Debt diet: How to lose it for good
Debt is an insidious aspect of personal finance.
It creeps into your life while slowly and silently gaining strength until one day you finally realize just how out of control the monster has become.
If you haven't had first-hand experience with debilitating debt, you might find this description hard to believe. But those who have can attest this is no exaggeration.
It can take years to pay off high-debt balances.
So what happens when you finally reach your goal of being debt-free? Consider the following tips to prevent gaining back what you worked so hard to lose:
Lifestyle change. -- Understand that all of your efforts to become debt-free will be wasted if you are unwilling to make the necessary lifestyle changes to live below your means.
Many mistakenly think the sacrifice and hard work throughout the repayment phase are temporary conditions. If you cannot commit to changing the aspects of your life that got you in trouble in the first place, you are doomed to repeat the cycle of debt.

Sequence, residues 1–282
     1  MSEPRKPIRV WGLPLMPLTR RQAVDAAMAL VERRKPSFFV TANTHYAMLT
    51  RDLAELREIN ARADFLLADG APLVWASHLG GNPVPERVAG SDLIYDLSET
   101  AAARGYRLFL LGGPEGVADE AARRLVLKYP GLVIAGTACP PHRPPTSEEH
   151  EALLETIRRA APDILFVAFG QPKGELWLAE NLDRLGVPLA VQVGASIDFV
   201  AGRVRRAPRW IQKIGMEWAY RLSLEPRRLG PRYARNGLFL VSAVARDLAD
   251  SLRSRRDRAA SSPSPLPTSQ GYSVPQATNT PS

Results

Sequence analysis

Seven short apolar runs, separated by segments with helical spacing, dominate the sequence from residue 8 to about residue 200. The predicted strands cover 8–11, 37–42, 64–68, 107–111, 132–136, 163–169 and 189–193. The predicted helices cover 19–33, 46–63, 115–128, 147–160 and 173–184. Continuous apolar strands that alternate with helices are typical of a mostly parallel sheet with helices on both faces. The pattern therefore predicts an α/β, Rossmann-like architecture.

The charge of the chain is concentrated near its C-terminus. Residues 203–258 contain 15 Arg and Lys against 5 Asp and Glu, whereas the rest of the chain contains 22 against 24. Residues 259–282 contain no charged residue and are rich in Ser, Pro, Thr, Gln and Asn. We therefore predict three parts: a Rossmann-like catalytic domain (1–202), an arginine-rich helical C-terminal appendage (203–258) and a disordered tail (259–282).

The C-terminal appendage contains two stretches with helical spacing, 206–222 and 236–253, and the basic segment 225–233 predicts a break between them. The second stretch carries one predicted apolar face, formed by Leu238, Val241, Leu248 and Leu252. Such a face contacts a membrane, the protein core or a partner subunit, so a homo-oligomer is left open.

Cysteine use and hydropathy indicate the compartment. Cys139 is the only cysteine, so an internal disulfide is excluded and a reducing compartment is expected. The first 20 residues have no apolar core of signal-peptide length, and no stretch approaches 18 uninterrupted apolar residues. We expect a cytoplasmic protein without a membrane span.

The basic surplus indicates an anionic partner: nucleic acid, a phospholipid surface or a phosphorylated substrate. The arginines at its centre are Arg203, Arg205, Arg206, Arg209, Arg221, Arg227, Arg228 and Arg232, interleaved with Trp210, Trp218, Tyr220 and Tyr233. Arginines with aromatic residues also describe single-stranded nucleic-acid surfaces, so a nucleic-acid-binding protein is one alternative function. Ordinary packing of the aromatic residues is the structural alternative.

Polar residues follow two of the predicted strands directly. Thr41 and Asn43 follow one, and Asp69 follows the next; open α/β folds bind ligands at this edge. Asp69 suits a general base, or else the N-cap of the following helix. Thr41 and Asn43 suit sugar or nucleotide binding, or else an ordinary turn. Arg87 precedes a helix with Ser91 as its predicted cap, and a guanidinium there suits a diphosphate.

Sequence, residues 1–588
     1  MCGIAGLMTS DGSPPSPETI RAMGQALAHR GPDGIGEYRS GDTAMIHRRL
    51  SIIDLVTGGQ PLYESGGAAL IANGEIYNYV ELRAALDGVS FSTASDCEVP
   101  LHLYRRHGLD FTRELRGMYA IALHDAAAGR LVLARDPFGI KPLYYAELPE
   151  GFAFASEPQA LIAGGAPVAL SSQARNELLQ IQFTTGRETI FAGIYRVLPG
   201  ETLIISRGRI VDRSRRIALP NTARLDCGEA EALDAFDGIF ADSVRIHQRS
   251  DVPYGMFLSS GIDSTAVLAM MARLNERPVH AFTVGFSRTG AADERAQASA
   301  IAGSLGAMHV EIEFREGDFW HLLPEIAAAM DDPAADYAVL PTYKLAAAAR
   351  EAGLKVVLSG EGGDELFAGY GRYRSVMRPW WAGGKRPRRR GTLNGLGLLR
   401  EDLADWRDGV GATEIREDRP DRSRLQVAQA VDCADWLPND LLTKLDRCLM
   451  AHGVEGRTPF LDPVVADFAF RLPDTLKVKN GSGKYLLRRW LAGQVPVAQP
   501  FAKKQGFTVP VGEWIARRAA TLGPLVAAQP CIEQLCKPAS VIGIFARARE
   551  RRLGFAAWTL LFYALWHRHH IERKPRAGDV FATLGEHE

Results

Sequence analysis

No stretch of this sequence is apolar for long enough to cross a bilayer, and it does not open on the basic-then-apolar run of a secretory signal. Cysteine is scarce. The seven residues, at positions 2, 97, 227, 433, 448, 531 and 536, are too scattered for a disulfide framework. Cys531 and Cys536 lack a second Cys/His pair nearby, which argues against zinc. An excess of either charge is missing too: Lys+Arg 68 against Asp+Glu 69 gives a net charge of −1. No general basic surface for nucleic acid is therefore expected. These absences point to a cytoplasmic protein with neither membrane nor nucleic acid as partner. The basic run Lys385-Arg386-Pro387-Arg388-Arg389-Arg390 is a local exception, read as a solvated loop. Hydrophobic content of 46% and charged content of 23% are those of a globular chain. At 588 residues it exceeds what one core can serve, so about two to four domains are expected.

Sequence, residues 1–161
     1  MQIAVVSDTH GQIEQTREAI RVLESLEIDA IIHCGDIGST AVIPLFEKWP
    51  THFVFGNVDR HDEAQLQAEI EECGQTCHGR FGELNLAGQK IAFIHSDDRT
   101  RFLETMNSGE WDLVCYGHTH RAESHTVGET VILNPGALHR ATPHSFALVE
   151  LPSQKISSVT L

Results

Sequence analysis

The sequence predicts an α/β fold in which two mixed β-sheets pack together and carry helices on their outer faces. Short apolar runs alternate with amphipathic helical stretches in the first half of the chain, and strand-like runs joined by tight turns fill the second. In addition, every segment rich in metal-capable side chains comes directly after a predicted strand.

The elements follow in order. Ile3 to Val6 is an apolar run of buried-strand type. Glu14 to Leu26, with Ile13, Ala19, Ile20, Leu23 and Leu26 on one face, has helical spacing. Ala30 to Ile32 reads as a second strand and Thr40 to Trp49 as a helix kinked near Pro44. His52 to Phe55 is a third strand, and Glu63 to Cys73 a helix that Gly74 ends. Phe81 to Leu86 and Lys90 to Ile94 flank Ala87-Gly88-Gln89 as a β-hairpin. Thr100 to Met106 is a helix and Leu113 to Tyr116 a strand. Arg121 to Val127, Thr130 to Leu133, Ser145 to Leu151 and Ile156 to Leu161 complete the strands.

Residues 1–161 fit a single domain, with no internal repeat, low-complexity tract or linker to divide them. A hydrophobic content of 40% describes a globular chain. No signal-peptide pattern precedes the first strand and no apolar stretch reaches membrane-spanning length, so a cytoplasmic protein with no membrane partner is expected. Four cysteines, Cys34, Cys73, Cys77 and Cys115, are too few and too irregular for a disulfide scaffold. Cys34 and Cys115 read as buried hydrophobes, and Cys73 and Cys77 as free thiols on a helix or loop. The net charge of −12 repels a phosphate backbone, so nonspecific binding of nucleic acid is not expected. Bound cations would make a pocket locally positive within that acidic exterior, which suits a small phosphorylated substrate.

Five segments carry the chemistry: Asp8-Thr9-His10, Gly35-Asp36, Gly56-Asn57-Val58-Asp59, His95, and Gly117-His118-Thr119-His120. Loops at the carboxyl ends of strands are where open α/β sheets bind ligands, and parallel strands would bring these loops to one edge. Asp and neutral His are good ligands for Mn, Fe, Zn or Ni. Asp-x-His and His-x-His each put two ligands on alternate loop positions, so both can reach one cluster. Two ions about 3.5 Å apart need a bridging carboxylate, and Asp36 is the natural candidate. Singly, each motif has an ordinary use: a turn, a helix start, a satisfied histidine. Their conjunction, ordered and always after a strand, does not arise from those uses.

For more on how to change your habits, read our 7 smart moves to curb your spending.
Smart budgeting. -- Now that your debt has been eliminated, you probably have some "extra" money available. Smart money managers know there is no such thing as extra money.
A good budget will take all of your combined income and allocate a specific amount of money to various financial categories. The categories may vary from person to person; however, the most common include: bills, savings, investments, groceries, gas, entertainment and spending.
A budget based on your unique financial goals will help you grow savings and avoid future debt.
Compounding interest. -- Let the power of compounding interest work in your favor.
When applied to debt balances, compound interest increases the amount you owe and makes it harder to pay off debt. When applied to savings and investments, compounding interest allows your assets to grow, taking you one step closer to financial freedom.